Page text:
NASA will reveal the deepest image of the universe taken by the James Webb telescope

NASA will reveal the deepest image of the universe taken by the James Webb telescope

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Washington (AFP) – NASA Administrator Bill Nelson announced Wednesday that the US space agency would reveal on July 12 the “deepest image of our universe ever taken,” thanks to the recently launched James Webb Space Telescope.

“If you think about it, this is the furthest that humanity has ever seen,” Nelson said during a news conference at the Space Telescope Science Institute in Baltimore, the operations center for the $10 billion observatory that launched in December of last year and now orbits the Sun 1.5 million kilometers from Earth.

An engineering marvel, the Webb Telescope is able to peer farther into space than any other telescope has ever done, thanks to its huge main mirror and infrared-focusing instruments, allowing it to pass through cosmic gas and dust. .

“It’s going to explore objects in the solar system and the atmospheres of exoplanets orbiting other stars, giving us clues as to whether or not their atmospheres are similar to our own,” Nelson added, speaking by phone from his Covid-19 isolation.

“This may answer some questions that we have: Where did we come from? What else is out there? Who are we? And of course it’s going to answer things that we don’t even know the questions yet.”

The infrared capabilities of the Webb telescope allow us to look further back in time to the Big Bang, which occurred 13.8 billion years ago.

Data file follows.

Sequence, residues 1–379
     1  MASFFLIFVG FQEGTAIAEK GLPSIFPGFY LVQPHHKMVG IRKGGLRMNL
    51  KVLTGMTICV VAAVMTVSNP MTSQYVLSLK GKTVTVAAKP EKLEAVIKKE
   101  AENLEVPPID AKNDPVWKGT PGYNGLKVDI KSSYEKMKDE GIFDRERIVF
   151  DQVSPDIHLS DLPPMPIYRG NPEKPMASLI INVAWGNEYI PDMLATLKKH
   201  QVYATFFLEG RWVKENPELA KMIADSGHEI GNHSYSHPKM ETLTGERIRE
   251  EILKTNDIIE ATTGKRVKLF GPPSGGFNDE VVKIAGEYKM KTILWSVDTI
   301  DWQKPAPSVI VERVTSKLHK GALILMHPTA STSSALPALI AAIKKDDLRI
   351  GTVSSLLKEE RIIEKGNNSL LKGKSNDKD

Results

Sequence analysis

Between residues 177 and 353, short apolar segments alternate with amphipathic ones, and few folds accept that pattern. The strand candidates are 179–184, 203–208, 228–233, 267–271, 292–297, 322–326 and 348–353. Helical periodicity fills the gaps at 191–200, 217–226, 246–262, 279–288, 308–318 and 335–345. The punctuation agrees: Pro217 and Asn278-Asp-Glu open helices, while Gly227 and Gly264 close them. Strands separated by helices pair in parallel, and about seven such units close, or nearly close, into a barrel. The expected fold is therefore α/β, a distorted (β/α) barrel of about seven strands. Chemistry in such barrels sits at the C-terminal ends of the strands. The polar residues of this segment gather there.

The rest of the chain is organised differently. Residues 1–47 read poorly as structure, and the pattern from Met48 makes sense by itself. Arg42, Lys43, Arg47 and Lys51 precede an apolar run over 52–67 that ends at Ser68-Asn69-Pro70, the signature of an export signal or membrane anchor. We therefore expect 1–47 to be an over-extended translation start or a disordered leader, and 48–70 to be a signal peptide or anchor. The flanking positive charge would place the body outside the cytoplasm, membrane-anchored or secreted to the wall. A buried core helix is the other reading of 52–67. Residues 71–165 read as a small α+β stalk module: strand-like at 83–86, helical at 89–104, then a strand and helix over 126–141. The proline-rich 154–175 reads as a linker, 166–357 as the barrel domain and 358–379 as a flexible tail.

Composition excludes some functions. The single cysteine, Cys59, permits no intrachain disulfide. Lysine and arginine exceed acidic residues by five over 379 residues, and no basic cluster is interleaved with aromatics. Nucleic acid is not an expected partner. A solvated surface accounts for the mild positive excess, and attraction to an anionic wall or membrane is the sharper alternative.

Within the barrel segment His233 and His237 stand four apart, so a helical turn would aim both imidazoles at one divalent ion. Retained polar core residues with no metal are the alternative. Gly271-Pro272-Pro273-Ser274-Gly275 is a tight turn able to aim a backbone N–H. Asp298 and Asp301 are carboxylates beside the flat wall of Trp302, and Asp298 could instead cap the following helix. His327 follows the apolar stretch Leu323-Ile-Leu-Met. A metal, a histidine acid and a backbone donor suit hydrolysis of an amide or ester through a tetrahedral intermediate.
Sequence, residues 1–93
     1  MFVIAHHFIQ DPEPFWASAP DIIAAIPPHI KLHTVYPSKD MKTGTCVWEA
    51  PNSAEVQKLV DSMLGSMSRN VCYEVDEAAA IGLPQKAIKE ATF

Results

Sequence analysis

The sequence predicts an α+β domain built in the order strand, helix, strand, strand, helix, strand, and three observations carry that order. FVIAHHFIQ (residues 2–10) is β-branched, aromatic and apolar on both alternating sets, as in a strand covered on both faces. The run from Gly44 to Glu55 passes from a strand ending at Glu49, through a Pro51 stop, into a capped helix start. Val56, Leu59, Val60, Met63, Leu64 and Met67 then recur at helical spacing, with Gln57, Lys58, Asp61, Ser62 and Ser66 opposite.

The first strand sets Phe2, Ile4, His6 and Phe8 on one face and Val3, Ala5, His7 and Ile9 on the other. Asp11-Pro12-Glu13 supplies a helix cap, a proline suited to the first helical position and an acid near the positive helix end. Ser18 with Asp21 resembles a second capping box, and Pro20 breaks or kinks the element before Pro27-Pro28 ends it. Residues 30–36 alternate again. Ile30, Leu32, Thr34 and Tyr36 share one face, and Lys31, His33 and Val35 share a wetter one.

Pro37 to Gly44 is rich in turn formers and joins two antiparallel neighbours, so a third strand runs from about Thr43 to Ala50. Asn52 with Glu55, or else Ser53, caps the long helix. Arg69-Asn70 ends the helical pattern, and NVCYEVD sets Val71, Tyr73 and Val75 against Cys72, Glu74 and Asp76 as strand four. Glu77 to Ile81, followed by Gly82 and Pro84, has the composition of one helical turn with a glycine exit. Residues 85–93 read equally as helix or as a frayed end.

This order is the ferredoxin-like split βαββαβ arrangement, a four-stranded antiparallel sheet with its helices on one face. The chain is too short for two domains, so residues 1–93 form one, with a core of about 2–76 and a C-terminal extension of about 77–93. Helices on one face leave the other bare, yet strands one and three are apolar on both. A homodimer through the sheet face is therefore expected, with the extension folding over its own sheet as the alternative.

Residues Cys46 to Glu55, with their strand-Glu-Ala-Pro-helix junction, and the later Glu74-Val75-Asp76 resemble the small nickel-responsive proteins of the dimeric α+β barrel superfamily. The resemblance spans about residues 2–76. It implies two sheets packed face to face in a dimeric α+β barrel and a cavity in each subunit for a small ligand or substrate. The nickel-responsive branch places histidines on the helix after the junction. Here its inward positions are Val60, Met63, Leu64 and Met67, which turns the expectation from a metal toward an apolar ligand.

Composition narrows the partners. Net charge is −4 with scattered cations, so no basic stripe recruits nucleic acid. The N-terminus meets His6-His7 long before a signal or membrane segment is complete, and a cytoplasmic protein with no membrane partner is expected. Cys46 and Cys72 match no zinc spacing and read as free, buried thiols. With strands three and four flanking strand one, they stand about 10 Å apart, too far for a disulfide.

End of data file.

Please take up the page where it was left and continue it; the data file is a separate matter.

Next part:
As the universe expands, the light from the first stars shifts from ultraviolet wavelengths in the visible spectrum at which it was emitted to longer ones, corresponding to infrared wavelengths that Webb is poised to detect at unprecedented resolution. .

Currently, the farthest observations of the cosmos are within 330 million years after the Big Bang, but with Webb, astronomers believe that limit can be easily exceeded.

20 years of life

In other good news, NASA Administrator-in-Charge Pam Melroy said that thanks to the efficient launch by NASA partner Arianespace, the Webb telescope can continue to operate for 20 years, doubling the durability range initially considered.

“Those 20 years are not only going to allow us to go deeper into history and time, but we will go deeper into science because we have the opportunity to learn and grow and make new observations,” the director said.

NASA also intends to share the first Webb spectroscopy of a distant planet, or exoplanet, on July 12, NASA Principal Scientist Thomas Zurbuchen said.

Spectroscopy is a tool for analyzing the chemical and molecular structure of distant objects, and a planetary spectrum can help characterize their atmosphere and other properties such as the presence of water and the appearance of their soil.

“Right from the start, we will look to those worlds out there that keep us awake at night when we look at a starry sky,” Zurbuchen added.

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